House taxwriters advanced an $8 billion package of energy tax breaks Wednesday, including measures aimed at spurring construction of electricity transmission lines (search) in hopes of reducing the likelihood of future blackouts.

The tax provisions, many of which would help energy companies, will be merged with non-tax energy proposals being crafted by two other committees into a broad bill expected to be considered by the full House next week.

The tax incentives approved 26-11 by the Ways and Means Committee dwarf proposals agreed to in energy legislation two years age over a gasoline additive, MTBE (search), and because some Senate Republicans objected to the legislation's huge cost.

This time, budget constraints produced a much slimmer tax package, though it still exceeds the $6.7 billion ceiling recommended by the Bush administration. The cost is over 10 years.

Rep. Bill Thomas, R-Calif., the committee's chairman, said he expects programs to be added in eventual negotiations with the Senate. The final array of tax provisions "will look somewhat different," he said."

Meanwhile, the House Energy and Commerce Committee was plowing through dozens of amendments as it considered a large part of the non-tax section, including expansion of the use of ethanol in gasoline and a provision to protect against lawsuits for manufacturers of another gas additive, MTBE, against liability lawsuits because of drinking water contamination.

A third committee was expected later Wednesday to advance legislation that would open the Arctic National Wildlife Refuge (search) in Alaska to oil drilling as part of a string of proposals involving energy development on public land. It, too, will be merged into the broader measure.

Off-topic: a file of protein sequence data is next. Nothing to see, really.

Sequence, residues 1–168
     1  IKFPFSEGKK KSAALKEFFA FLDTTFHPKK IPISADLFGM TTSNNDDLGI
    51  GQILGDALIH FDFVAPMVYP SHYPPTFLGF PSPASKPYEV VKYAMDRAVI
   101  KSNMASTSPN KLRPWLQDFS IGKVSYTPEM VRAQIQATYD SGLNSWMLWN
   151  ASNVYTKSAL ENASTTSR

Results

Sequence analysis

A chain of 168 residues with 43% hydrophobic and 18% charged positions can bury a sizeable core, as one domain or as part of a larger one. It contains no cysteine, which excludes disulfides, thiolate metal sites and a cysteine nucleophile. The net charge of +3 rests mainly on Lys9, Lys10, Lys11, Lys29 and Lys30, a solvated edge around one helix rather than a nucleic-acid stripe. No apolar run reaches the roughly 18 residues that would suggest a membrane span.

The Senate has yet to take up its energy package.

The House tax provisions were heavily tilted to helping established energy industries.

Just $488 million of the tax breaks were aimed at energy efficiency or renewable energy sources. Most of that, $391 million, would go to reduce homeowners' costs for making energy-saving improvements. The legislation would provide a 20 percent tax credit, up to $2,000, for installing more efficient windows, insulation and other energy savings devices.

Among the provisions would be more favorable tax treatment, worth $1.5 billion over 10 years, for construction of electricity transmission lines and an additional $1.6 billion to spur construction of natural gas pipelines.

Rep. Jim McDermott, D-Wash., called the tax provisions "obscene" because they focused on energy industries including oil and gas companies that are making big profits because of high energy costs.

"What do the American people get -- nothing but a raw deal, an obscene deal," said McDermott. At a time of soaring gasoline prices, "there is no provision ... that will lower the price of gasoline, only protect the profits of the oil industry."

Rep. Jim Nussle, R-Iowa, bemoaned the absence of tax breaks for renewable energy -- such as credits for wind-derived energy (search). "We need to make this a priority," he said.

Thomas said the wind energy credit, which expires at the end of this year, is expected to be extended as part of other legislation.

Meanwhile, Rep. Lloyd Doggett, D-Texas, tried to strip from the bill a tax credit for coal, which currently gets a break as a synthetic fuel because it is chemically altered. Doggett maintained that many of those programs are a sham because the fuel is no more efficient or less polluting than conventional coal.

His amendment failed 24-12.